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From his column Pressing On

pressing-on-05-13-1My heart sputtered and thumped as my palms greased the steering wheel. Sitting at a stoplight on an incline, my grandfather (I called him Papa) was giving me my first driving lesson in a manual shift vehicle. He could have taken me anywhere, but he chose a busy downtown street with hills and lights. The light turned green. I made an attempt at the footwork, but I didn’t give it enough gas. The engine stopped, and the car started rolling backward. “Calm down,” Papa stated with an even voice. “Just try again.”

By the time I got the car started, the light was already yellow, then red. A line was forming behind me. The next time the light turned, the same thing happened—and the next time. The line was getting long. Horns were honking. I may or may not have been crying. Papa sat calmly, repeating the same instructions, apparently undeterred by the mob of traffic on our heels.

“I’m not ready for this!” I barked. “You’re gonna learn fast,” Papa  smiled.

And I did.

Many of us make a puzzling assumption when it comes to learning. We think learning precedes doing. One reason for this is because our culture has wired us to think this way. It’s a classic educational model. We spend time in the classroom, then, once we have sufficiently learned, we go and do.

Churches are good at this model. We offer 101 and 201 classes. We pass out books and binders and ask people to follow along and fill in the blanks. We focus on classroom learning. And we should. I value intentional efforts to resource people for the work of the Kingdom. But this paradigm can easily reinforce the mindset of learning, then doing.

Another reason why this educational model appeals to us is simply because it’s safe. The classroom is controlled and predictable. Risk is minimal—and so is the reward. Churches are filled with people who think, “I’ve signed up for the classes. I’m learning, and one day when I’m ready, I’ll go out and serve the Lord.”

For Jesus, learning and doing weren’t so much separate exercises. He didn't gather His students and section them off to prepare them. Instead, for Jesus, learning and doing intertwined. His invitation was not “Sit down and listen to me,” it was “Come follow me” (Matt. 4:19 TNIV). In other words, Jesus brought them along into the thick of His work, even though they were not yet ready. The learning was the doing, and the doing was the learning.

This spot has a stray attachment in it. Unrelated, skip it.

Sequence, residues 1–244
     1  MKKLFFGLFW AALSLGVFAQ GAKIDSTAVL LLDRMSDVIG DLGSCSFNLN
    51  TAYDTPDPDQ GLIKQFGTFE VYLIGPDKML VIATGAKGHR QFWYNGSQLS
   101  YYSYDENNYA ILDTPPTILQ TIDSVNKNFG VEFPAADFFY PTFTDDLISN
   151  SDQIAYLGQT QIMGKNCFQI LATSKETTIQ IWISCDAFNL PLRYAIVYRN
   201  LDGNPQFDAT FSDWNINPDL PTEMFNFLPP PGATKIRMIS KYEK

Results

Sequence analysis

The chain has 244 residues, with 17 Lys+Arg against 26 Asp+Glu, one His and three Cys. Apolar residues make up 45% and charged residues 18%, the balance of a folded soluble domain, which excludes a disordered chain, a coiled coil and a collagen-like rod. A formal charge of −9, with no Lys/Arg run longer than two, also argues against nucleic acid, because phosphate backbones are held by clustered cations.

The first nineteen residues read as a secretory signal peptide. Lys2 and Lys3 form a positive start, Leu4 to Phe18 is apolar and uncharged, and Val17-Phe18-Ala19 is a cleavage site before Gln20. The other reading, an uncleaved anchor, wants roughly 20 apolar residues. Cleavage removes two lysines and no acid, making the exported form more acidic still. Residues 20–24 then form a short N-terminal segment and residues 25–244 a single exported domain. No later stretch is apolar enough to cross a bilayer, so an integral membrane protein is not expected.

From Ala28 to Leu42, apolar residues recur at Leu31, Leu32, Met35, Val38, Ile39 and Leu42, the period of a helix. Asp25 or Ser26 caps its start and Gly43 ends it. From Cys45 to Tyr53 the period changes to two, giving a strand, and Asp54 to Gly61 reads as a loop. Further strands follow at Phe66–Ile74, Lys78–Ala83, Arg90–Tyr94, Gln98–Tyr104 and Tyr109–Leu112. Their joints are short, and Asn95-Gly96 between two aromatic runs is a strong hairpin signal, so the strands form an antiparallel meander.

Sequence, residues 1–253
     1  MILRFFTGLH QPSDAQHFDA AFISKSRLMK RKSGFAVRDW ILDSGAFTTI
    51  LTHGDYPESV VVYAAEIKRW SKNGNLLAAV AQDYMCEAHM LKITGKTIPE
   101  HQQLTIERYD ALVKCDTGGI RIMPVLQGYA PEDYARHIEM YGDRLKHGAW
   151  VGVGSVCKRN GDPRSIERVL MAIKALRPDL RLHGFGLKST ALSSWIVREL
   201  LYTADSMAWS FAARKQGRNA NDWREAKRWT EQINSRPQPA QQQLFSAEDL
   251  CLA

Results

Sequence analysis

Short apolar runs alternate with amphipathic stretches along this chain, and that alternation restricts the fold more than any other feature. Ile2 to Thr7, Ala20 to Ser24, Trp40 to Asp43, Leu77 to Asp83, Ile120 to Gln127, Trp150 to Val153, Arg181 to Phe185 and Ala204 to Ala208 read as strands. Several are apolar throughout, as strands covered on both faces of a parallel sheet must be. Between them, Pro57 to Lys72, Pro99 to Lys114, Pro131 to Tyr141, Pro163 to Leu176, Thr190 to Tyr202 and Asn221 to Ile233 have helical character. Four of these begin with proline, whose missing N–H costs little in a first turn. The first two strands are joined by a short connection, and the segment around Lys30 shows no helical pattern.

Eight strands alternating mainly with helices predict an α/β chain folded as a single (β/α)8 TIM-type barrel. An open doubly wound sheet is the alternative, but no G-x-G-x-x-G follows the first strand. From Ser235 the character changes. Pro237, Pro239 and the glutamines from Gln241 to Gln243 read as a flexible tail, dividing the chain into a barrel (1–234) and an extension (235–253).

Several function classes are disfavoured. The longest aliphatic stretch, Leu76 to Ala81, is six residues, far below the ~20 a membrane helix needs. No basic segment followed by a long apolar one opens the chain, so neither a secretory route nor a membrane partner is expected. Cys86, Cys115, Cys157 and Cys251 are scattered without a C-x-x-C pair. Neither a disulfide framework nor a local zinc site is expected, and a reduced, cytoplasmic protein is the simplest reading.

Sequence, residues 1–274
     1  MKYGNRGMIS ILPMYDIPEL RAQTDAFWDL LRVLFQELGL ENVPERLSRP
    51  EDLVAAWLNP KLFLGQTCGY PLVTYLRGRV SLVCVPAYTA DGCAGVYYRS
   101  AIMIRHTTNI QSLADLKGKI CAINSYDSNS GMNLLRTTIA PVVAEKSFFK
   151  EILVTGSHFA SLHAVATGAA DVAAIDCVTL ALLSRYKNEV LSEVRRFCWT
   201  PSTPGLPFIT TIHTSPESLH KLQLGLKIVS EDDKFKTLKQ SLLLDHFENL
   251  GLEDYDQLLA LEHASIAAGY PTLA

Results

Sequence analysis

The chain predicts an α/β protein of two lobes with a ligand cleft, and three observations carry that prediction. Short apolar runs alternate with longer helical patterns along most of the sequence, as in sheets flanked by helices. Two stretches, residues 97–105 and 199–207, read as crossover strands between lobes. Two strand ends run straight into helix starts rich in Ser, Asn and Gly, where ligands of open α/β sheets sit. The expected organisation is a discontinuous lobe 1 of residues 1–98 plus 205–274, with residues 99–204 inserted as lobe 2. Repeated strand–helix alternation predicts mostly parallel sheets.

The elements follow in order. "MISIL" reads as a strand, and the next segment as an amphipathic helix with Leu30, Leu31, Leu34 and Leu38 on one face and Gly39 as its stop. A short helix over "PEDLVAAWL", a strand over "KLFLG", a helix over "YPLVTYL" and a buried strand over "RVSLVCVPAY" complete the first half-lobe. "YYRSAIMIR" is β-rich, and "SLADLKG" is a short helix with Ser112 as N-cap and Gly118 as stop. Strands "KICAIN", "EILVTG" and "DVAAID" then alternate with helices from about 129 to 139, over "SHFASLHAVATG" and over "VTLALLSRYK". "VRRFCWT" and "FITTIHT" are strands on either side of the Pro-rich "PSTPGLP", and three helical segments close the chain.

Jesus was a Jewish rabbi, and He taught like one. A rabbi’s traveling school was less like a classroom and more like a laboratory. It was a messy, bumpy process. The Twelve failed plenty along the way, but Jesus expected this. He obviously was frustrated, but He continued to work with them.

Our task today is no different than the work of Jesus. Or rather, our work really is His work done through us. And that work is to make disciples of Jesus. We best fulfill our work when we pry fingers from binders and call people into the thick of the work with us. Our invitation as church leaders should not just be “listen to me,” but “come with me,” “feed with me,” “heal with me,” and “love with me.” We make disciples best when we cross the neat, clean separation between learning and doing.

I value and owe much of my own growth to classes, teachers, and books. I do not advocate abandoning such resources, but they should supplement our serving. After all, there were times when Jesus sat His disciples down and taught them. But those instances were seamlessly woven into the larger framework of going and serving.

When I call people into Kingdom work, I often sense their reluctance. I hear their hesitation. I understand how unready they are. But I remember that the disciples’ lack of readiness did not deter Jesus from inviting them. I remind them they are not alone. And then I tell them, “You’re gonna learn fast.”

And they will.

Daron Brown lives and pastors in Waverly, Tennessee. He is the author of Shift: How Nine Churches Experienced Vibrant Renewal.

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